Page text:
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Response to FiveGoodMen (Original post)

Tue Jul 2, 2013, 04:56 PM

27. Secret laws, secret courts, secret spying, secret wars = Government of the people?

 

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Response to FiveGoodMen (Original post)

Tue Jul 2, 2013, 04:59 PM

28. K&R.

And there is one law that applies to all. No exemptions for banks and Wall Street.

So is America a democracy?

You decide.

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Response to FiveGoodMen (Original post)

Tue Jul 2, 2013, 05:01 PM

29. I little concerned about people who don't grasp this concept. nt

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Response to FiveGoodMen (Original post)

Tue Jul 2, 2013, 05:08 PM

31. It has to be secret for at least one practical reason...

Justifying "collection" as legal as long as it is unexamined without a warrant is an interpretation NOT restricted to matters of national security by its nature. You've just destroyed the 4th amendment. Why can't a cop simply place cameras on someone's house recording 24 hours a day. At some point in the future, you manage a warrant and then it's all fair game as long as you didn't actually look at the tapes, right?

For a top secret national security program you might decide that the opinion is good enough for you, in the same way that as long as your folks don't find out it's okay to steal from their liquor cabinet. It's a feel good fig leaf and insurance card.

It would never actually fly in the courts nor in the court of public opinion.

THAT is why it is a secret.

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Response to Pholus (Reply #31)

Tue Jul 2, 2013, 05:12 PM

32. and this is exactly why the massive spying program is so freaking insidious, and everyone should be

 

outraged about it.

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Response to Pholus (Reply #31)

Wed Jul 3, 2013, 12:37 PM

50. That's the next step. It's coming unless we stop this madness.

Why can't a cop simply place cameras on someone's house recording 24 hours a day.

We have helicopters over our heads every day in the big city, and we still have crime, even shootings and pretty much in the same area, within maybe a 20-block radius. But the helicopters don't end the shootings and other crime. So why are they hovering over us so much?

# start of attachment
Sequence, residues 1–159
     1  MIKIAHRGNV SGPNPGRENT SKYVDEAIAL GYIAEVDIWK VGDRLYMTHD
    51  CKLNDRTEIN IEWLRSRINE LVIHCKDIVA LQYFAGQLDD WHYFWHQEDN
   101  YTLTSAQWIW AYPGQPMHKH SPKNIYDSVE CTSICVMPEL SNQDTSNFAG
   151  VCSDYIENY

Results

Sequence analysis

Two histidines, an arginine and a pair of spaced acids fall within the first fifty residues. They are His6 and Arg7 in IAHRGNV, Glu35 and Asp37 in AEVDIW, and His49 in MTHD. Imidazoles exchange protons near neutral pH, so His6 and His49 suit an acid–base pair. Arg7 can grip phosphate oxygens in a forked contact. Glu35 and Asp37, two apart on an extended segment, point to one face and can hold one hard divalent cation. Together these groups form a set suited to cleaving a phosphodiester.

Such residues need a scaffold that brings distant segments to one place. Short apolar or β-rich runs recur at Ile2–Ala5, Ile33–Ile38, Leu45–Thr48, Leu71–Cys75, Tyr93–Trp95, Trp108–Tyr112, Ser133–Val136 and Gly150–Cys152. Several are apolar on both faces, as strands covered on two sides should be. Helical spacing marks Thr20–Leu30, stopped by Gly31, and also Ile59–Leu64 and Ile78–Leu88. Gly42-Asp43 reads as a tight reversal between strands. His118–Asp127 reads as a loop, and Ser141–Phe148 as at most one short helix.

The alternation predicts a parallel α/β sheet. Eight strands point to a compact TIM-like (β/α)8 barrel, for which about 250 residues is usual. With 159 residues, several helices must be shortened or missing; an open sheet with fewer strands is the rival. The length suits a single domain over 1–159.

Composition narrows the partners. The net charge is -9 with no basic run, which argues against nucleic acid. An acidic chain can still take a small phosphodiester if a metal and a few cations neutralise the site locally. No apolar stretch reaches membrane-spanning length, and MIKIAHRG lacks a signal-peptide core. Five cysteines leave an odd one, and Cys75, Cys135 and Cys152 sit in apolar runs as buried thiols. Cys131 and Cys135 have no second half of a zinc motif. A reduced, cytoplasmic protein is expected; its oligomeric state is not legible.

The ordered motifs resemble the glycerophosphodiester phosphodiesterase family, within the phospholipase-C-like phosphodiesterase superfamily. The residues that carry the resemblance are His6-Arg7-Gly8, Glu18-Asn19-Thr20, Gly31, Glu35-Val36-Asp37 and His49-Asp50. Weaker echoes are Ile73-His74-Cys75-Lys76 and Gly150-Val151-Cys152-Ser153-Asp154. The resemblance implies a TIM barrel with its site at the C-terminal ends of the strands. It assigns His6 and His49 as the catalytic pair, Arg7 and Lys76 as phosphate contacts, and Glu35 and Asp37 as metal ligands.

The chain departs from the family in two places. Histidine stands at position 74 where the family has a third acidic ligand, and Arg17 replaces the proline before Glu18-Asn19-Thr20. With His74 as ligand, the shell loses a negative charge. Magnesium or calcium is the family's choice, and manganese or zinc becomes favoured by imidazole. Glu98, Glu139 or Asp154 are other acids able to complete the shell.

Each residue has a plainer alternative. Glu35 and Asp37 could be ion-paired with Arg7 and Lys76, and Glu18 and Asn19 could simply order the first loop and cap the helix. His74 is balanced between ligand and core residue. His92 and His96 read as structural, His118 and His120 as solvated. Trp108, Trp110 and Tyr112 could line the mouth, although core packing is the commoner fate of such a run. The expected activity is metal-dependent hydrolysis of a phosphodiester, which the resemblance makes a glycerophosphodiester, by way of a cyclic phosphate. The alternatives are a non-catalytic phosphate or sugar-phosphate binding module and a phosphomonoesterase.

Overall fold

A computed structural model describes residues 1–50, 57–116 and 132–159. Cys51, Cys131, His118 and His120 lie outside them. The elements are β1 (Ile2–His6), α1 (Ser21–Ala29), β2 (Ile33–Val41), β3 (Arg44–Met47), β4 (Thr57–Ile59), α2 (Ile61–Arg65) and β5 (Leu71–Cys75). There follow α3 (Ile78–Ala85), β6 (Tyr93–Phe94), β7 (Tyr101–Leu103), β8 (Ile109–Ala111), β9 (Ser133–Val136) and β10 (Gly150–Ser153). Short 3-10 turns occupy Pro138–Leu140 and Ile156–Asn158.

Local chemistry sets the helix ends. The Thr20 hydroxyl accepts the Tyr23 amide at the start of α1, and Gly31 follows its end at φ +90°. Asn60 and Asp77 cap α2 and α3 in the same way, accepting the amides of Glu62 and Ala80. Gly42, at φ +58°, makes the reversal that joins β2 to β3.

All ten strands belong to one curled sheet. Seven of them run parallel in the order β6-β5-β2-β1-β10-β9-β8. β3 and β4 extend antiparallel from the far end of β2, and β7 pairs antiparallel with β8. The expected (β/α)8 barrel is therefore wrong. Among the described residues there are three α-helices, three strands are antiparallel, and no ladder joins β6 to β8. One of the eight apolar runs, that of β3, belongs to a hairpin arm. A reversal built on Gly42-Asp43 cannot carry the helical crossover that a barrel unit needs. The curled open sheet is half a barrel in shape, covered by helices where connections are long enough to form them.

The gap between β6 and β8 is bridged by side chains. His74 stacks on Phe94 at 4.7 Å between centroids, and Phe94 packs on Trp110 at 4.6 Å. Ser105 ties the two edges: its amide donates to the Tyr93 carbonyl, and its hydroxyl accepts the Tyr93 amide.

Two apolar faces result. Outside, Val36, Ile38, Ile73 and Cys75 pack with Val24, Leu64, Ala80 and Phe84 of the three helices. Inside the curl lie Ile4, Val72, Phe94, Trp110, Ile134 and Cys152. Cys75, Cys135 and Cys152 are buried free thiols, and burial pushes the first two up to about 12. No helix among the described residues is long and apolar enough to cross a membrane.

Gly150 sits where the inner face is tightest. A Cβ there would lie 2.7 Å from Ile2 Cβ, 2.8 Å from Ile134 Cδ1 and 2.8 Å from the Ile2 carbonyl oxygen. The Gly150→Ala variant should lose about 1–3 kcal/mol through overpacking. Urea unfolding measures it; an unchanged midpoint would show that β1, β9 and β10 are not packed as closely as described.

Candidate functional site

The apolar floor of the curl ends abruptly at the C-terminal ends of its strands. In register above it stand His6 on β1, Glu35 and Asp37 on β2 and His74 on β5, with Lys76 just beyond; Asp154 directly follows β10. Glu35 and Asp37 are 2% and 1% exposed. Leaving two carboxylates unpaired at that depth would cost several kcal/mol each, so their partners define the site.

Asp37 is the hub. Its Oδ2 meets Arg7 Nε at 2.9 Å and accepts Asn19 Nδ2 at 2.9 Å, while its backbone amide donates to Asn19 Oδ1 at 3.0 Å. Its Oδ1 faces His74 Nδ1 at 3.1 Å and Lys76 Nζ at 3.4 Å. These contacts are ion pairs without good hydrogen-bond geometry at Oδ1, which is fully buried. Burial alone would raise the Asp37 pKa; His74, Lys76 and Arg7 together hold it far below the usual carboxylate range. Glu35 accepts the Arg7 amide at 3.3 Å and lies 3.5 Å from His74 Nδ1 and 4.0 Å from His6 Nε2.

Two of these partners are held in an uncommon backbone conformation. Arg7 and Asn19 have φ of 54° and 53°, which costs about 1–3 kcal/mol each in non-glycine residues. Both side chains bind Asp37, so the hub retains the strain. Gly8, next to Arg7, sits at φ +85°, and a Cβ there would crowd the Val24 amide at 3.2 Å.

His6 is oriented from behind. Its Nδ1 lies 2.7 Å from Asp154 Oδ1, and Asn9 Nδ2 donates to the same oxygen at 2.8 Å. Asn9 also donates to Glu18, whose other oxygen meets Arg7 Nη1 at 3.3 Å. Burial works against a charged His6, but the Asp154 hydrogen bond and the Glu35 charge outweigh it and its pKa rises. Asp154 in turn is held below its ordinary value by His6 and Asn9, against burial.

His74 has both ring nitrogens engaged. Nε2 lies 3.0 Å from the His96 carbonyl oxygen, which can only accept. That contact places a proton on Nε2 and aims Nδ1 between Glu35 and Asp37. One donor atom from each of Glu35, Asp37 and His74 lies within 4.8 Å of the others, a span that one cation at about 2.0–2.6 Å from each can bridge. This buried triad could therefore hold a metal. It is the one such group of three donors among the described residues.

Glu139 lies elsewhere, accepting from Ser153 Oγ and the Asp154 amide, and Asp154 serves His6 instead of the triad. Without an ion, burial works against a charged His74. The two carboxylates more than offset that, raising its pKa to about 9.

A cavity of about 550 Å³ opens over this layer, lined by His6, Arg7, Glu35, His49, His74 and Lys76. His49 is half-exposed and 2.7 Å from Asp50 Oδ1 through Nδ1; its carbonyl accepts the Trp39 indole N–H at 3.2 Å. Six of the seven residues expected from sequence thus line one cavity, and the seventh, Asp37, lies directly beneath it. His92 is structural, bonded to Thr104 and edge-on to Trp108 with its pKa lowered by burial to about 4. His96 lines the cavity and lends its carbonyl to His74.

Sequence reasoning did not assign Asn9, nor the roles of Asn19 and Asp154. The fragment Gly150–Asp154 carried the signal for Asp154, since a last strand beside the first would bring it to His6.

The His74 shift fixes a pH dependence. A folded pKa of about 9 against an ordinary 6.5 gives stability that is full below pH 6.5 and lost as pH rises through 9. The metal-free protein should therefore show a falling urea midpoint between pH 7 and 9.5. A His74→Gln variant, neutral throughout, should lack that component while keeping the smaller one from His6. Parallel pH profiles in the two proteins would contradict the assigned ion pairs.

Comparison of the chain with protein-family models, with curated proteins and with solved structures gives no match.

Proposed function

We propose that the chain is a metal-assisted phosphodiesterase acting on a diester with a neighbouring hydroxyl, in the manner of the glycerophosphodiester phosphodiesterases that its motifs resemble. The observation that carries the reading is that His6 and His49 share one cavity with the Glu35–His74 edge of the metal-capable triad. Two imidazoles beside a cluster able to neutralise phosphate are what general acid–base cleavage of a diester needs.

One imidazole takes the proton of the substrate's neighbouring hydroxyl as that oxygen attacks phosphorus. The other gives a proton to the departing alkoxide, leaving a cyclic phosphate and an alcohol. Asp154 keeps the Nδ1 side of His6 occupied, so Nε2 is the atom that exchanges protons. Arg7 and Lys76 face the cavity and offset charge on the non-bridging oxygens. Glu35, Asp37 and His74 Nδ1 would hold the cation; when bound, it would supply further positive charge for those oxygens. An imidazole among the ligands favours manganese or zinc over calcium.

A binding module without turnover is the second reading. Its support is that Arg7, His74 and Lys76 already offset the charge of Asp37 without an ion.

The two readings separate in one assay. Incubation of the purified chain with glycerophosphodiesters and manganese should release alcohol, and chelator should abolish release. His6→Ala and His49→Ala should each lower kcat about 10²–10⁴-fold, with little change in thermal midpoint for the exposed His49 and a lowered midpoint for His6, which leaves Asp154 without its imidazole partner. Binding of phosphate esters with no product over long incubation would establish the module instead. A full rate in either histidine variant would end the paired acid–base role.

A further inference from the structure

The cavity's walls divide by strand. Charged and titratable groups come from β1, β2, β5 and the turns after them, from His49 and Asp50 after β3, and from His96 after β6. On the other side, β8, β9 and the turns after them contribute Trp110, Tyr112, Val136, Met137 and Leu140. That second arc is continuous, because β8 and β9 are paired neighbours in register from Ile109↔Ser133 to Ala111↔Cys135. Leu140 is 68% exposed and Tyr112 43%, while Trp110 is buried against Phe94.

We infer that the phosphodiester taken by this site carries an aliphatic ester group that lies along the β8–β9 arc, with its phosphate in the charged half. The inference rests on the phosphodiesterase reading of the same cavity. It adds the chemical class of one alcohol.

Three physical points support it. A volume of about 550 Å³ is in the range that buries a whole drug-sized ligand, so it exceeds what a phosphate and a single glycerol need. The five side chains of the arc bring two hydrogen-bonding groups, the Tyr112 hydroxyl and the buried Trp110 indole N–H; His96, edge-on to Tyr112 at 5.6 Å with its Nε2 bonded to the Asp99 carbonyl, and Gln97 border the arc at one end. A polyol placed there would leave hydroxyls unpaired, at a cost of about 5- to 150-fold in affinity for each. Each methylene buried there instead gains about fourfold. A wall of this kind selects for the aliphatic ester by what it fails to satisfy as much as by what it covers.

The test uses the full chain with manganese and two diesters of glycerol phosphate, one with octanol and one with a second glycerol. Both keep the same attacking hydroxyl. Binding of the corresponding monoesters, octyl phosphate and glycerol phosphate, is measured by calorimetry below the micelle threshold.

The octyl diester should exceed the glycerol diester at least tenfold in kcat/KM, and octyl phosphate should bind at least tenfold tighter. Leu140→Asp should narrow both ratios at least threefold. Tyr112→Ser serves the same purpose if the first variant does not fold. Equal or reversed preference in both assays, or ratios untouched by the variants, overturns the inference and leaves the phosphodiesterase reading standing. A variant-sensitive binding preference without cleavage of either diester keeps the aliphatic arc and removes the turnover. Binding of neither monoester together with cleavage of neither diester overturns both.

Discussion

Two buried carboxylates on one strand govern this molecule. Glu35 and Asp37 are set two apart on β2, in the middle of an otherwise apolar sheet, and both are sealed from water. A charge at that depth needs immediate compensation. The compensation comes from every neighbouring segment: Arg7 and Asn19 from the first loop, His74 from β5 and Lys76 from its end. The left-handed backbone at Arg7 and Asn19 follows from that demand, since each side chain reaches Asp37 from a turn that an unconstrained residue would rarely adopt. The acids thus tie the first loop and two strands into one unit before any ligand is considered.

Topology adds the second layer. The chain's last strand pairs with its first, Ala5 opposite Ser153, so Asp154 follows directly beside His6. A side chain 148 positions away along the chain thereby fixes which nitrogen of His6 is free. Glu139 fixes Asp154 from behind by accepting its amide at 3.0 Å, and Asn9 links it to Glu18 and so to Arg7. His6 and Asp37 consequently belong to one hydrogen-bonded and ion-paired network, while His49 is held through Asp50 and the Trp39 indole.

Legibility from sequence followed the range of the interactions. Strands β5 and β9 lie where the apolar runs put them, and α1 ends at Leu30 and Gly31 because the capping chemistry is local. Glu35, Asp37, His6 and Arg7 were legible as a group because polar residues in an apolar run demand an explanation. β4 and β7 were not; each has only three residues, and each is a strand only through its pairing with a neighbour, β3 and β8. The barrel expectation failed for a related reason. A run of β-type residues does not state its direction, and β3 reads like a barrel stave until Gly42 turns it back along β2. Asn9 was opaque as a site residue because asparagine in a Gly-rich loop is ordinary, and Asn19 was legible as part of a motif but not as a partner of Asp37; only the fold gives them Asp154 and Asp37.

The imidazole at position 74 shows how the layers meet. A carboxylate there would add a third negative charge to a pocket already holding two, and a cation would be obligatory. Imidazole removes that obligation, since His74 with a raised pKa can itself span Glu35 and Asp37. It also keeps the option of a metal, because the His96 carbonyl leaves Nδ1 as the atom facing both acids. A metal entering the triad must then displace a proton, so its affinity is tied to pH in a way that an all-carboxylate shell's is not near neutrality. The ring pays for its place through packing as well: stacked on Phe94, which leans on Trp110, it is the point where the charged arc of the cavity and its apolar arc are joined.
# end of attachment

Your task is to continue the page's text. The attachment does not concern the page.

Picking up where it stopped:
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Response to FiveGoodMen (Original post)

Tue Jul 2, 2013, 06:39 PM

35. The Secret Government



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Response to FiveGoodMen (Original post)

Tue Jul 2, 2013, 06:45 PM

36. I agree

If we don't know what's going on our representatives are not representing the voters any more.

I actually can't imagine how any one COULD disagree with your contention in the OP.

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Response to FiveGoodMen (Original post)

Tue Jul 2, 2013, 06:47 PM

38. f'n a - k 'n r

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Response to FiveGoodMen (Original post)

Wed Jul 3, 2013, 02:44 AM

45. No there isn't, you are correct. But we stopped being a democracy quite a while ago. We tried to

fix that by 'electing Democrats' in 2008 and failed. So what now?

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Response to FiveGoodMen (Original post)

Wed Jul 3, 2013, 02:45 AM

46. That's pre-2008 thinking citizen. Your post has been logged. nt

 

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Response to FiveGoodMen (Original post)

Wed Jul 3, 2013, 12:39 PM

51. what's scary is, ignorance of the law is no excuse

 

even if the law you broke, is a secret

better watch your step, mister

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Response to FiveGoodMen (Original post)

Wed Jul 3, 2013, 12:42 PM

52. you better celebrate your freedom this 4th, because it

 

looks bad to the NSA, if you dont

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Response to FiveGoodMen (Original post)

Wed Jul 3, 2013, 12:51 PM

53. That's

"There is absolutely no such thing as a secret body of law in a democracy."

...likely true in a perfect world or in theory, but the "secret" court was established following the Chuch Committee recommendations.

Introduced in the Senate as S. 1566 by Edward Kennedy (D–MA) on May 18, 1977
Committee consideration by: Senate Select Committee on Intelligence, Committee on the Judiciary
Passed the Senate on March 20, 1978 (95-1)
Passed the House on September 7, 1978 (246-128)
Reported by the joint conference committee on October 5, 1978; agreed to by the Senate on October 9, 1978 (Without objection) and by the House on October 12, 1978 (226-176)
Signed into law by President Jimmy Carter on October 25, 1978


The Foreign Intelligence Surveillance Act (FISA) was introduced on May 18, 1977, by Senator Ted Kennedy and was signed into law by President Carter in 1978. The bill was cosponsored by nine Senators: Birch Bayh, James O. Eastland, Jake Garn, Walter Huddleston, Daniel Inouye, Charles Mathias, John L. McClellan, Gaylord Nelson, and Strom Thurmond.